New York became the epicenter for one of the largest clusters of novel coronavirus cases in the nation this week, and Gov. Andrew Cuomo and state legislators are moving fast to allow workers to stay home sick without employment repercussions.
In his State of State agenda in January, Cuomo proposed paid sick leave that would cover nearly all New York employees with at least five days of paid time off for illness. New York City enacted a similar bill in 2014.
On Monday, he pledged to send the bill to the state Legislature this week, which would specifically protect those required to quarantine or isolate themselves in relation to the coronavirus.
“I think it’s especially important that if the government is ordering a quarantine, even a voluntary quarantine, that places a personal hardship on a person and that person should get paid,” he said. “I don’t want to add to the burden that we’re creating.”
A quarter of U.S. workers are not provided paid sick leave as it is, and some don’t have the option of unpaid sick leave.
Many come to work while ill because they can’t afford to lose a paycheck; Of food industry workers surveyed in the U.S. and Canada in 2015, more than half go to work sick because they’re worried about income or supporting their coworkers, according to the Center for Research and Public Policy.
Those concerns are further highlighted as coronavirus measures, like mandated quarantines, event cancellations or school closures, become clearer possibilities across the state.
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Some food establishments, like banquet center Burgandy Basin near Rochester, Monroe County, already offer paid sick time to full-time employees, and make sure part-time employees are sent home without penalties if they're ill or in quarantine, as the case may be with coronavirus.
"Hopefully we’ve created a climate here that people know there are no repercussions if they call in," said co-owner Mike Clarcq, a past president of the New York State Restaurant Association.
Businesses are potentially facing a double whammy right now, given the general economic slump related to the coronavirus, plus the possibility of paying sick leave for employees and dealing with a potential shutdown in the coming weeks or months, said Benjamin Mudrick, who works with labor and employment issues at Rochester-based law firm Harter Secrest & Emery.
"If possible, all of my clients want to provide pay to employees if they have to be absent from work," Mudrick said. "The question is how do you strike that balance where the company could survive a shutdown of some sort, but also care for the employees?"
Students in the Edison school district will have a single session day Friday, while staff will have a full day, according to the school district. (Photo: CONTRIBUTED PHOTO/CDC)
The proposed paid sick leave legislation would provide the following for New York employees:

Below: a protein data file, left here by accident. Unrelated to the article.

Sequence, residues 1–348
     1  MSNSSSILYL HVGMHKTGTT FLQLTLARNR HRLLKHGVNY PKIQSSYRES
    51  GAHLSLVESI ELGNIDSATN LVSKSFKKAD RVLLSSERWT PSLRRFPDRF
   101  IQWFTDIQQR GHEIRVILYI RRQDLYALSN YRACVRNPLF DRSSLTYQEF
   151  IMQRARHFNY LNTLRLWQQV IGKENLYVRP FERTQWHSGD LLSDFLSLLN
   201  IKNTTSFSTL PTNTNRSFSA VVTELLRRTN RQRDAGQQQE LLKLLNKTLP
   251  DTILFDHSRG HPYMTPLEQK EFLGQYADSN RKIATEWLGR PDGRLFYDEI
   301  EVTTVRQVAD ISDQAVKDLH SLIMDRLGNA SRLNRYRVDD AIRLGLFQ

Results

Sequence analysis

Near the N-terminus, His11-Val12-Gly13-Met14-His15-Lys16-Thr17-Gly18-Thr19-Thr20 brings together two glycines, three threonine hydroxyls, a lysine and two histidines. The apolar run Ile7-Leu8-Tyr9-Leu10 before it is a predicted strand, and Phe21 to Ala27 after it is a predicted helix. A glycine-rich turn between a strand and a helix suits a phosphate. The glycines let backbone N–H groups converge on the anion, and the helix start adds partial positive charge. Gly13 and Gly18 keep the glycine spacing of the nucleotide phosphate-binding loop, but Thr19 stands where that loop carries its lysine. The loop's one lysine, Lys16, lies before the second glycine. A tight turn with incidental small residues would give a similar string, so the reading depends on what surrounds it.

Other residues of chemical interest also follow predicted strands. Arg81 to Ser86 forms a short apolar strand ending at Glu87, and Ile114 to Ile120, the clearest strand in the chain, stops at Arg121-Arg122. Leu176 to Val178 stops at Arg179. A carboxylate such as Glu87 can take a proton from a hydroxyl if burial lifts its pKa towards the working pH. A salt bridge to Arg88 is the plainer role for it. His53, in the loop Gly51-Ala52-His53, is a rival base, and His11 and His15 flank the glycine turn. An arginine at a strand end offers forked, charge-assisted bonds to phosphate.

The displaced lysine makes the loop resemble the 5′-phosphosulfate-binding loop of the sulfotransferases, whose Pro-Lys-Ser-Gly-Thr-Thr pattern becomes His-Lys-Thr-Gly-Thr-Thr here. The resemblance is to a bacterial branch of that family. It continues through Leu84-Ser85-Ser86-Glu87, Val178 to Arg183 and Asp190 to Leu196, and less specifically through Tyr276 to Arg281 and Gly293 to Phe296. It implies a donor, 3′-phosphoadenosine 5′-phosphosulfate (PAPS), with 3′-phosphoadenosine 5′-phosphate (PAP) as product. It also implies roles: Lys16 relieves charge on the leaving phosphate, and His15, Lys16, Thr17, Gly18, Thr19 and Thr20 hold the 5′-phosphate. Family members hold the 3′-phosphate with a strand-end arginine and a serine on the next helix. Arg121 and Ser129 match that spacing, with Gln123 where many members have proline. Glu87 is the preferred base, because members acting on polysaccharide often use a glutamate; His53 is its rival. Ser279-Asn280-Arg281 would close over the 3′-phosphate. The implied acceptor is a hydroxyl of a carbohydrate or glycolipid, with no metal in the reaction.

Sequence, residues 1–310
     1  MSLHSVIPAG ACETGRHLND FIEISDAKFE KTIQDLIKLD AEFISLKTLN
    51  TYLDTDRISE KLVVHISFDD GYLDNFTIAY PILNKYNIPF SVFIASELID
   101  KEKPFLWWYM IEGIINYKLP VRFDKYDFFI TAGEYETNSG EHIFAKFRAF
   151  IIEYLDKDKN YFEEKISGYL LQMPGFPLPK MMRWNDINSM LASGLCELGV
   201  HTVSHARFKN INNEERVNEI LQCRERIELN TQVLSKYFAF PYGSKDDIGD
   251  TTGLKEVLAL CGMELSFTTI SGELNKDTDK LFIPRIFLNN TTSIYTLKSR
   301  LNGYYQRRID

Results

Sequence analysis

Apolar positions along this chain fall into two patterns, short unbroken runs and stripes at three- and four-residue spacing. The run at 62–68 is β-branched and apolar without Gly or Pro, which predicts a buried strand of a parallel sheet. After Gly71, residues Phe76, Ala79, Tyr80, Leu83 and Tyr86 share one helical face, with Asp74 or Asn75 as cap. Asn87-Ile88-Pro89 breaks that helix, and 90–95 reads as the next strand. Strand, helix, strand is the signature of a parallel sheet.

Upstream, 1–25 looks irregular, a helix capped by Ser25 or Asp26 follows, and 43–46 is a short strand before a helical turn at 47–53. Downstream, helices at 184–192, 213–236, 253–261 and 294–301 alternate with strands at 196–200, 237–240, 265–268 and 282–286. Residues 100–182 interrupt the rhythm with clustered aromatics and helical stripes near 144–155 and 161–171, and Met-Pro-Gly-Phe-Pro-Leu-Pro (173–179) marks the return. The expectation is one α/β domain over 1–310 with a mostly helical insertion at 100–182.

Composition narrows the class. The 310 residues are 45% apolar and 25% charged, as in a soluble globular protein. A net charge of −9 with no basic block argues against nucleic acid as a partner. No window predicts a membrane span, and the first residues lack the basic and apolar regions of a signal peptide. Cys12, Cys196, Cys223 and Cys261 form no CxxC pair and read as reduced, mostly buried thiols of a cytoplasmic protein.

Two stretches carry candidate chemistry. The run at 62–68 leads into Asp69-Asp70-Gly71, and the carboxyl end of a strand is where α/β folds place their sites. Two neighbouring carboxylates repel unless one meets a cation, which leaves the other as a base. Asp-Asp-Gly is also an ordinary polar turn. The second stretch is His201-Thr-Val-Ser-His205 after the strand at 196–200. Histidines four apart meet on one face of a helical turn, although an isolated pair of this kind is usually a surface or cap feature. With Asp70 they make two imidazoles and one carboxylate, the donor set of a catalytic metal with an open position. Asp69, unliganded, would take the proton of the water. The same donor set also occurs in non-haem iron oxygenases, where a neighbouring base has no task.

State paid sick leave mandates result in workers taking an average of two more sick days per year, meaning less of them are going to work while ill, according to a 2020 study by the National Bureau of Economic Research.
Also, mandated paid sick leave does not significantly increase labor costs for employers or decrease employment or wage growth, the study found.
Students wear masks after a confirmed case of the new coronavirus was reported on ASU's Tempe campus on Jan. 26, 2020. (Photo: Patrick Breen/The Republic)
Vice President Mike Pence, who has been tasked with leading the national coronavirus task force, said in a White House meeting Tuesday that major health insurers across the U.S. have agreed to waive copays on coronavirus testing and extend coverage for coronavirus treatment for all their benefit plans, according to the Associated Press.
Leaders from United Health, Humana, Anthem and other major insurance companies were present at the meeting.
The federal government announced last week that Medicare, Medicaid and other federal healthcare programs would cover coronavirus testing. The Internal Revenue Service said Wednesday that high-deductible insurance plans could cover coronavirus testing even if a deductible has not been met. The choice to provide that option to customers is left to the insurer.
Some companies, such as Excellus BlueCross BlueShield, will waive prior authorizations for diagnostic tests and covered services that are medically necessary, according to the company’s website.
An airline passenger wearing a mask makes his way through the International Terminal at San Francisco International Airport Saturday, March 7, 2020, in San Francisco. As cases of the coronavirus surge in Italy, Iran, South Korea, the U.S. and elsewhere, many scientists say it's plain that the world is in the grips of a pandemic — a serious global outbreak. (Photo: David J. Phillip, AP)
Discussions around paid sick leave are heating up at the federal level, as lawmakers look to pass a legislative package that would protect employees taking leave related to coronavirus.
Paid sick leave is not federally required, but is mandated in 12 states and Washington, D.C. A number of cities and local jurisdictions have also passed laws around paid sick leave.
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The legislation, proposed by senators from Washington and Connecticut last week, would require all employers to give workers 14 days of paid sick leave during a public health emergency, including the current coronavirus threat.
Pence said Monday that President Donald Trump’s administration is working to protect those who can’t afford to stop working, even while ill.
“When we tell people, 'If you're sick, stay home,' the president has tasked the team with developing economic policies that will make it very, very clear that we're going to stand by those hard-working Americans,” Pence said.